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State Dept. Daily Press Briefing for February 10

State Dept. Daily Press Briefing for February 10 -- Transcript

Daily Press Briefing
Adam Ereli, Deputy Spokesman
Washington, DC
February 10, 2005


Six Party Talks Status / North Korea's Statement that it has
Nuclear weapons and will not be Returning to Talks Soon
Query on whether Secretary Rice will ask Ambassador DeTrani to return to Region
Comparison between North Korea and Iran
Message of other Six Party Partners to North Korea
Whether the United States is Now Certain that North Korea
Possesses Nuclear Weapons / Delivery Systems
Query on Whether United States has been in Contact in with North
Korean government since Statement was issued

Query on Whether Force would ever be an Option in Dealing with
Iran and it's Nuclear Program

Lifting of Arms Embargo by European Union

Shelling of Settlements by Hamas / Reports of Suspension of Talks

Killing of British Journalist

Arms Sales / Potential Destabilizing Effect


1:10 p.m. EST

MR. ERELI: Greetings, all. Welcome to our briefing today. We can begin with your questions, since I have no announcements.

QUESTION: What does the North Korean statement do to U.S. expectations of resuming negotiations, six-party talks?

MR. ERELI: Well, we continue to believe that -- we and our partners in the six-party talks continue to believe that this is the best, most effective way to achieve a mutual goal of a denuclearized Korean Peninsula. We will be consulting with our partners in the North Korea -- I'm sorry -- in the six-party talks about the latest statement and about ways that we can work together to achieve a resumption of the talks, which I think remains our goals, as the best and most effective means to reach our common purpose.

I would also point out that, as the Secretary said, the effectiveness of this statement, or the effectiveness of the suspension is less on the six-party talks than on the isolation of North Korea, and it serves to really work against what we're all trying to achieve which is a Korean Peninsula which is denuclearized and a Korean -- North Korean state which can be a fuller, more welcome member of the international community.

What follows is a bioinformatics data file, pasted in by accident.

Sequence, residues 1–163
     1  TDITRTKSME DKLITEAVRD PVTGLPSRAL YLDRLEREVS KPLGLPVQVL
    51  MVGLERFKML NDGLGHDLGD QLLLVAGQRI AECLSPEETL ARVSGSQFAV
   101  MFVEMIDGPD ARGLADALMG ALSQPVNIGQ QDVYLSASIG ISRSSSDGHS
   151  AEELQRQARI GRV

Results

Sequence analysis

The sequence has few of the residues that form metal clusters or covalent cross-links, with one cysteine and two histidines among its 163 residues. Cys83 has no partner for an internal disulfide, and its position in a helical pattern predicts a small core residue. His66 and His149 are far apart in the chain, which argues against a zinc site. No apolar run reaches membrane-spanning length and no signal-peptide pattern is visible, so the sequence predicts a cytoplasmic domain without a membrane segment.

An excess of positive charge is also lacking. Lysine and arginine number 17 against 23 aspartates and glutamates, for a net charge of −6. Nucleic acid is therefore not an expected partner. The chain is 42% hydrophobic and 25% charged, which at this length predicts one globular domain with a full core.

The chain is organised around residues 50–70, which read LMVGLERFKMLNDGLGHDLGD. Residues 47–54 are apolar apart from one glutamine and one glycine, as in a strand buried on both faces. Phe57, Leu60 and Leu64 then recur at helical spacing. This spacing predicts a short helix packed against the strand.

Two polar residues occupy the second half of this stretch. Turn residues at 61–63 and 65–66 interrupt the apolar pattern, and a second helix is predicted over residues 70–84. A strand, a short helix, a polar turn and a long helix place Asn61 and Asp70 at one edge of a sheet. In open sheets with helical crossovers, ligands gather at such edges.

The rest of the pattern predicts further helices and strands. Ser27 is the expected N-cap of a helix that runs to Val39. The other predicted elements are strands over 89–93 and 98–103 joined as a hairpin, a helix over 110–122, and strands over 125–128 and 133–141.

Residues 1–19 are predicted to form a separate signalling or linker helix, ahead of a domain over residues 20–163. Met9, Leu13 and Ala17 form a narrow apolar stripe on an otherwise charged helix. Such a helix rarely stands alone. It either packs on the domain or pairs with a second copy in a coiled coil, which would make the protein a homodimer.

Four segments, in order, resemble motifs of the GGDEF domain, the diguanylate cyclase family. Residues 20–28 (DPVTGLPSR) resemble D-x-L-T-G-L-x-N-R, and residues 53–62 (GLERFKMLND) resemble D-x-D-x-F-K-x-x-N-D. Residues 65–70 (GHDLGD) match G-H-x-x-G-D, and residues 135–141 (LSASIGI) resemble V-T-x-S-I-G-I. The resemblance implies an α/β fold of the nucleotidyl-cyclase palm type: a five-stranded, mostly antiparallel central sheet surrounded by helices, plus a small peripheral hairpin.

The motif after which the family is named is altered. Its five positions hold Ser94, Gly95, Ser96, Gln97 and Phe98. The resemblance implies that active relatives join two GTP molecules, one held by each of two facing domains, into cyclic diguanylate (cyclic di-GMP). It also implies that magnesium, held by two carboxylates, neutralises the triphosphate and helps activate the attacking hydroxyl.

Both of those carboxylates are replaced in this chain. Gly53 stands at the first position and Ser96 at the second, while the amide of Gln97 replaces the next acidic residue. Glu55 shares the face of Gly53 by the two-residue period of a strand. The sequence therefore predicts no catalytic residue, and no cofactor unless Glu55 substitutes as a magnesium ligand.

QUESTION: You would give equal weight? I mean, the U.S. is eager, aching to see North Korea become a member of the international community, or are you mostly interesting in halting a very dangerous nuclear weapons program?

MR. ERELI: The goal --

QUESTION: And if you did, the byproduct would be they would get some acceptance but --

MR. ERELI: I think the goal of all of us is to deal with the danger that nuclear weapons on the North -- on the Korean Peninsula pose, and the way forward in that is a six-party process and a verifiable dismantlement of North Korea's programs which could have a number of benefits, not only the denuclearization of the Peninsula, but also allowing North Korea to spend scarce resources on its people and providing possible future benefits for the North Koreans.

QUESTION: Two quick things: There have been similar statements in the past. Do you think this one's different, more ominous? And the other would be: Is this a wakeup call to take another look at the way you've dealt with North Korea, what you've put on the table or refused to put on the table?

MR. ERELI: I'm not going to editorialize on the statement. I think you can all look at it and draw your own conclusions. As far as -- I'm sorry -- can you remind me what the second part of your question was?

QUESTION: Does this cause -- does this cause -- does their statement cause the Administration to have another look at what it has been -- without getting into the fact that some of your partners don't agree with you 100 percent, even though you present the United Front -- do you think the U.S. ought to take another look at the position it's taken, so far as the negotiations and what ought to be on the table?

MR. ERELI: Our position is consistent and we don't see a need to review it. For your benefit, our position is that we will continue to seek a peaceful, diplomatic solution -- resolution of this issue. The six-party talks through a multilateral framework remain, in our view, and I think in our partner's view, the best, the most effective way to do this, and the means that I think promise the best result for everybody.


QUESTION: Does -- can you tell us where Mr. DeTrani is right now? And in light of the North Koreans' announcement, does Dr. Rice plan to ask him to return to the region, assuming he's here? Does she plan to ask him to return to the region to maybe talk to either the Chinese or the Japanese to sort of see what the next step should be?